by Angelo Muredda Although it's the first of her films to be co-directed (by Manufactured Landscapes subject and Canadian photographer Edward Burtynsky), Watermark is less a departure for Jennifer Baichwal than it is the apotheosis of her style. Since 1988's Let it Come Down, Baichwal has been the most formally adventurous documentarian of the artistic process, not just profiling the work of makers as disparate as Paul Bowles and Shelby Lee Adams, but attempting to recreate their singular visions as well. In her previous film, Payback, that meant converting Margaret Atwood's lecture series of the same name into an evocative position paper about debt in all its global permutations, from blood feuds to legal restitution. In Manufactured Landscapes, it consisted of finding a way to translate Burtynsky's large-scale images of factories and pock-marked terrains into cinematic tableaux, with collaborator Nick de Pencier's cinematography of Burtynsky's stomping grounds effectively adding a sense of duration and movement to the print-bound stasis of the originals. Watermark might be the most radical variation on this approach, an abstract consideration of the interaction between water and human-made structures, carried out largely through wordless aerial photography of streams bisecting grotesque landscapes rather than the usual talking-head exposition.
Baichwal's films tend to thrive on the tension between her own digressive tendencies--namely her habit of hopscotching around the globe to tease out variegations of a given theme (in this case our channelling of water)--and the more finely-tuned methodologies of the artist she's profiling. Perhaps because of Burtynsky's heavier presence in this project (he has a book to sell, after all), it's the startling images that resonate more than Baichwal's usual intelligent thematic crosshatching, which this time spans no fewer than ten countries and locations as diverse as a poisonous tannery straight out of William Blake and a Hindu pilgrimage site on the Ganges. More precisely, Watermark leaves an impression when it seems least keen to do so, not when it speculates on the economic meaning of water, something any number of lesser films like Last Call At the Oasis have done about as capably, but when it captures its elemental force through plain image-making and symphonic editing.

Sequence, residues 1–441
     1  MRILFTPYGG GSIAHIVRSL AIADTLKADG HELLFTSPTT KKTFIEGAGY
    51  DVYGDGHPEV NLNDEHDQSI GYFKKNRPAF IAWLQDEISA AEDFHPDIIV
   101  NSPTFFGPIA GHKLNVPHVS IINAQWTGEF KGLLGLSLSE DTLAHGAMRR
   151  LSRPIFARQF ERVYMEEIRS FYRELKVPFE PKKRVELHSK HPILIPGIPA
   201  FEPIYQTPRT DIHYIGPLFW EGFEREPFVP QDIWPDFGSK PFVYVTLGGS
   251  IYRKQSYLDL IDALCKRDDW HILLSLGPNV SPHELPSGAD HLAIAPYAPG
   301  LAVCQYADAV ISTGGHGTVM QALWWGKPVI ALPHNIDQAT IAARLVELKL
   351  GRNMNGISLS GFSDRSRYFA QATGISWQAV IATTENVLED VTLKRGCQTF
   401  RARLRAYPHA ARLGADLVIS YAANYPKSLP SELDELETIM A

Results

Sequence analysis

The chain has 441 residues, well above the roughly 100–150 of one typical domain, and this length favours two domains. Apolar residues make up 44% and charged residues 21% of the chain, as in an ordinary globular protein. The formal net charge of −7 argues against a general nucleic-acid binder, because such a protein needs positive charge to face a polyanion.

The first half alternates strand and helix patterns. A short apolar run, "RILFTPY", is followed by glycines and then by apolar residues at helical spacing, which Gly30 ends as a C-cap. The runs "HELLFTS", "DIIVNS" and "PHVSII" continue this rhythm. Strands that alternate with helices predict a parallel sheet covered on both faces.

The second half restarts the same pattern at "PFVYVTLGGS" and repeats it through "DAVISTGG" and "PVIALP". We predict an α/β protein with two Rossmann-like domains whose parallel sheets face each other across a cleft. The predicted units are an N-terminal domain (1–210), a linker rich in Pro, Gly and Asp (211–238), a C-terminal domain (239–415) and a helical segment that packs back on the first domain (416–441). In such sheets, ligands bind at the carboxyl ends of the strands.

The opening act is one of the most disorienting in recent nonfiction filmmaking, starting with a long, glacial pan across the walls of a dam in China as barely-contained, churning brown waves slam up against it. From that demonic din we suddenly skip, via the hardest of smash cuts, to a hollowed-out land on the Colorado River, the terrain dried out into an endless expanse of cracked tiles. Both images, rendered in ultra HiDef, feel enormous, and they're held long enough for us to think about the yin and yang of what it means to harness energy from our surroundings. The effect of the juxtaposition of these two spaces is sublime, a reminder of the imaginative paucity of supposed visionary filmmakers like Christopher Nolan, whose idea of a dream world without boundaries in Inception looked a lot like downtown Chicago. By contrast, Baichwal and Burtynsky's scale is suitably Kubrickian.
As a formalist exercise in capturing and blowing up the intersection of human technology and natural phenomena, then, Watermark is unimpeachable. Yet the power it derives from the co-directors' respective grand visions is diminished by the relative smallness of its declarations. Burtynsky's first onscreen appearance is an odd one, casting a dull explanatory shadow over everything that follows. His flat recitation of the thesis--that his current project explores how water shapes us and how we in turn shape water--feels like a pitch for the film we've already bought, especially once we follow him into the offices of Steidl, a high-end German publishing house that crafts art books like Burtynsky's newest--a concordance, more or less, to the documentary we're watching. Though Burtynsky fans and artisanal press enthusiasts may revel in this behind-the-scenes material, it seems an unnecessary look into the workings of the sausage factory, hopelessly minor next to the money shots that make up some of the most stunning compositions in recent cinema.